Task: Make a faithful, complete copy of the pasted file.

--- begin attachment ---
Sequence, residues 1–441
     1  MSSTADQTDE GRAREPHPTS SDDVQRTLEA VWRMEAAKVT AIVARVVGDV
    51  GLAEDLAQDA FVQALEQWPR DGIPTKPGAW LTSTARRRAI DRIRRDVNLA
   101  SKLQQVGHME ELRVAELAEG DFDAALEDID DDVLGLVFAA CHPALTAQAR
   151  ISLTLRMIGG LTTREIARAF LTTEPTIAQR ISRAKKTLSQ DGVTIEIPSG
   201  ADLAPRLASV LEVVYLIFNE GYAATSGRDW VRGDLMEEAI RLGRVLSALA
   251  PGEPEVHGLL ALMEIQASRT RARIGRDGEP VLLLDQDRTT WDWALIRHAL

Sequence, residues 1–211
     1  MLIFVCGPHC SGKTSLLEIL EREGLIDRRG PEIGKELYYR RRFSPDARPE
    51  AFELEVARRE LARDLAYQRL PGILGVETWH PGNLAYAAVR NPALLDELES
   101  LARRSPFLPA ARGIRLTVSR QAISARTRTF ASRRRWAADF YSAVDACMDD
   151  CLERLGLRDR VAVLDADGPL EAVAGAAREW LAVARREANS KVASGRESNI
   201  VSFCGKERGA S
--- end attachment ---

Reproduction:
Sequence, residues 1–441
     1  MSSTADQTDE GRAREPHPTS SDDVQRTLEA VWRMEAAKVT AIVARVVGDV
    51  GLAEDLAQDA FVQALEQWPR DGIPTKPGAW LTSTARRRAI DRIRRDVNLA
   101  SKLQQVGHME ELRVAELAEG DFDAALEDID DDVLGLVFAA CHPALTAQAR
   151  ISLTLRMIGG LTTREIARAF LTTEPTIAQR ISRAKKTLSQ DGVTIEIPSG
   201  ADLAPRLASV LEVVYLIFNE GYAATSGRDW VRGDLMEEAI RLGRVLSALA
   251  PGEPEVHGLL ALMEIQASRT RARIGRDGEP VLLLDQDRTT WDWALIRHAL

Sequence, residues 1–211
     1  MLIFVCGPHC SGKTSLLEIL EREGLIDRRG PEIGKELYYR RRFSPDARPE
    51  AFELEVARRE LARDLAYQRL PGILGVETWH PGNLAYAAVR NPALLDELES
   101  LARRSPFLPA ARGIRLTVSR QAISARTRTF ASRRRWAADF YSAVDACMDD
   151  CLERLGLRDR VAVLDADGPL EAVAGAAREW LAVARREANS KVASGRESNI
   201  VSFCGKERGA S